An independent arbitrator ruled in favor of the Georgetown Alliance of Graduate Employees in an arbitration case with Georgetown University, stating it did not bargain in good faith over specific policies related to the COVID-19 pandemic.
The Jan. 19 decision resolves the collective bargaining dispute between the two parties, following the university’s formal denial of GAGE’s grievance motion Oct. 8 that alleged the university stalled negotiations with the union. After the issue moved to arbitration, both parties submitted documents presenting their respective interpretations of the union’s Collective Bargaining Agreement ratified in May 2020.The agreement officially recognized GAGE as a union and outlined contractual provisions.
The union submitted demands to bargain with the university in July 2020 regarding health protections, wage security and unlimited paid sick leave for remote workers. After private bargaining sessions occurred in the weeks leading up to the fall semester, the union expressed its desire to resolve negotiations with the university in a written letter of agreement. GAGE submitted a grievance in September 2020, turning to arbitration proceedings based on claims that the university violated the union’s contract by breaking off bargaining over its fall reopening policies. Throughout the arbitration procedure, union members have organized protests and written letters to support GAGE in defending the contract.
The university’s refusal to document their bargaining agreements in writing was a primary violation found by the arbitrator, Ira Jaffe, according to the Jan. 19 press release from GAGE.
“Mr. Jaffe further ruled that Georgetown violated its obligation to bargain in good faith when it refused to enshrine any agreements between GAGE and itself in a written agreement, calling out the refusal as “troubling” and directing the parties to document future agreements,” the press release reads.
The arbitrator specified mandatory topics on which the university must return to bargaining with GAGE. These items include access to personal protective equipment, COVID-19 testing and vaccinations and subscriptions to health services, according to Ari Janoff (GRD ’24), grievance officer for GAGE.
A crucial part of the ruling stipulates that policy proposals that arise in the future regarding graduate student concerns be agreed upon by both parties and not solely adopted by the university, according to Janoff.
“It is not sufficient for the University to unilaterally adopt Union proposals as University policies without coming to a written agreement with the Union,” Janoff wrote in an email to The Hoya.
Although the arbitrator ruled the union could not reiterate issues about reopening, graduate student protections, or COVID-19 policies that were already discussed during contract negotiations, the decision gives GAGE the right to return to negotiation regarding COVID-19 policies that they did not previously discuss, according to the news release.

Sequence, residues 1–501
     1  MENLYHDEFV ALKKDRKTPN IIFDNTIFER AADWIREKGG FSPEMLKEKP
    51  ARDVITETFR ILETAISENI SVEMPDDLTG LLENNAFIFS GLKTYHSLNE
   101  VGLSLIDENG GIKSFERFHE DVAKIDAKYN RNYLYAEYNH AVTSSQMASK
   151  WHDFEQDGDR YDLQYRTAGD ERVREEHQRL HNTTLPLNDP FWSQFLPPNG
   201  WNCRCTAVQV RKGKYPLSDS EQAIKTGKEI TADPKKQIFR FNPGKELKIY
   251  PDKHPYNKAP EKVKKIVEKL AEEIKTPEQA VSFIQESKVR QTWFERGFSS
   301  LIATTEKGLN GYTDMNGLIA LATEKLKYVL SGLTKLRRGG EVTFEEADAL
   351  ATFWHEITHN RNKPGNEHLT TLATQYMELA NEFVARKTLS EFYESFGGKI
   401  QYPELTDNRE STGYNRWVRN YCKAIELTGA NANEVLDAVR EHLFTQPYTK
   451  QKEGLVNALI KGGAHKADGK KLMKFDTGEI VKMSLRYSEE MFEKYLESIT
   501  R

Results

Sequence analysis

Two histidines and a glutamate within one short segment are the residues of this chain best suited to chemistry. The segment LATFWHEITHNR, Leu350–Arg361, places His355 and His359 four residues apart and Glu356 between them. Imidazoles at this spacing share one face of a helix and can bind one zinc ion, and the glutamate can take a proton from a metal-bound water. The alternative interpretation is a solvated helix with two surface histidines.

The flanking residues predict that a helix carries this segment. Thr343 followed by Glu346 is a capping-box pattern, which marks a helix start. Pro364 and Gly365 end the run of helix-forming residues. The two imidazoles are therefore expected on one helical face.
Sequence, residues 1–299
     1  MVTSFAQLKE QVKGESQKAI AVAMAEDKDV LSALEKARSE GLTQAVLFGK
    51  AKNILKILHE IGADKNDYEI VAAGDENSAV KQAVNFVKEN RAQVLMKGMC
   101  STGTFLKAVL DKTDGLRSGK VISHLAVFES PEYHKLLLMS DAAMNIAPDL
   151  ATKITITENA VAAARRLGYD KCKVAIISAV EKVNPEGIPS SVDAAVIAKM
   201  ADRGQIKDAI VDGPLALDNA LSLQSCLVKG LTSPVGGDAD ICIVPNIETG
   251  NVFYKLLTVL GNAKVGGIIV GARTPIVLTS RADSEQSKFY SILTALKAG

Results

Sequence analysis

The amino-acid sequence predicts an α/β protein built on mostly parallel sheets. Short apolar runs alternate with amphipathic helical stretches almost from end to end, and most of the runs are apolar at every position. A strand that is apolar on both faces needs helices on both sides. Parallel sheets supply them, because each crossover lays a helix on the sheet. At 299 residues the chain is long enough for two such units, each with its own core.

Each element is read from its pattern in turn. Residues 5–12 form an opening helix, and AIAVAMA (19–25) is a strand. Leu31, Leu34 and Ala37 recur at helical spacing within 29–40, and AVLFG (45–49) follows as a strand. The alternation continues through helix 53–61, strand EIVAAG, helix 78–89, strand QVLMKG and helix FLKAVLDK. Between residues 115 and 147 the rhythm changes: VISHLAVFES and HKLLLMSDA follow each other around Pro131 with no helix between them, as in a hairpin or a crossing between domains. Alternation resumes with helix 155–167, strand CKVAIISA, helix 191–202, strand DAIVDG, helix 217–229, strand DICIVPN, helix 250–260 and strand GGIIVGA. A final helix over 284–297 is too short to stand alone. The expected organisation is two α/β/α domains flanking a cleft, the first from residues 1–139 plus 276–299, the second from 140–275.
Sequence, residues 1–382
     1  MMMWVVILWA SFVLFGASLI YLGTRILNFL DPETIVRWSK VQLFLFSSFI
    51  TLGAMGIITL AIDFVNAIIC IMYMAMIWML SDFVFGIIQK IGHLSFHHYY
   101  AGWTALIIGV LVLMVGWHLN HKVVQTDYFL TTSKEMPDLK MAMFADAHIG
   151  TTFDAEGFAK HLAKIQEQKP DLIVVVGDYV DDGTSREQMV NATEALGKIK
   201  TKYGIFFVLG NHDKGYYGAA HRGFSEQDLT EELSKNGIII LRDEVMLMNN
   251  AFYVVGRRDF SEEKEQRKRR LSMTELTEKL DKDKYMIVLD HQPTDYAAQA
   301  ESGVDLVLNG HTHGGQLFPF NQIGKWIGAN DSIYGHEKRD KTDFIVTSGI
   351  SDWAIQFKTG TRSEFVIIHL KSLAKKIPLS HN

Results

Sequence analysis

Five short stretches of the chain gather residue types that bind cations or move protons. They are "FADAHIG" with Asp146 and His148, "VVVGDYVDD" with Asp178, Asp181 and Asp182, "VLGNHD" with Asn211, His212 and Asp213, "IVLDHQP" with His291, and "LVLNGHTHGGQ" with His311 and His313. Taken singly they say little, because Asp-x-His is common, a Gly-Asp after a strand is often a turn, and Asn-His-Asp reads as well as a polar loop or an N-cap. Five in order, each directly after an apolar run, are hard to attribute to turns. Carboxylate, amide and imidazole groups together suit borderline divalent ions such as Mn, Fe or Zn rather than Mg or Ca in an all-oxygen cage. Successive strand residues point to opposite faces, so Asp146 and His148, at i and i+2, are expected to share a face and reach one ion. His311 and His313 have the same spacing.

“For its part, GAGE has already requested negotiations with Georgetown on COVID-19 workplace issues as soon as possible, albeit with a more limited scope,” the press release reads.
The arbitrator’s decision also affirms the university’s right to implement policies, like the Community Compact, which lays out social distancing guidelines for the community members in the area, in response to the COVID-19 pandemic, according to a university spokesperson.
“The arbitrator’s decision confirms the broad scope of the University’s management rights and prerogatives under the collective bargaining agreement (CBA) and recognizes that the University has the right to issue policies, including the Community Compact, related to the operation of the University during the COVID-19 pandemic,” a university spokesperson wrote in an email to The Hoya.
The arbitrator’s ruling states that the university did not break with its obligation to bargain in good faith with GAGE, despite issues related to the Community Compact and the need to record certain agreements, according to the spokesperson.
Jeffrey Tsoi (LAW ’23, GRD ’26), an officer on the GAGE executive council who was involved with the arbitration proceedings, said the arbitration ruling means the university cannot halt bargaining or sidestep reaching a negotiation with the union.
“This empowers GAGE in future informal interactions and formal negotiations with the University,” Tsoi wrote in an email to The Hoya.
The decision should signal to the university that GAGE will fight to protect the rights of graduate workers, according to Zac Park (GRD ’22), who also serves as an officer on the executive council of GAGE.
“Aside from being able to go back to the bargaining table with the University, this whole process has also sent them a very clear message,” Park wrote in an email to The Hoya. “That message is that we will fight as hard as we need to to ensure that graduate workers at GU are guaranteed safe, just, and equitable working conditions.”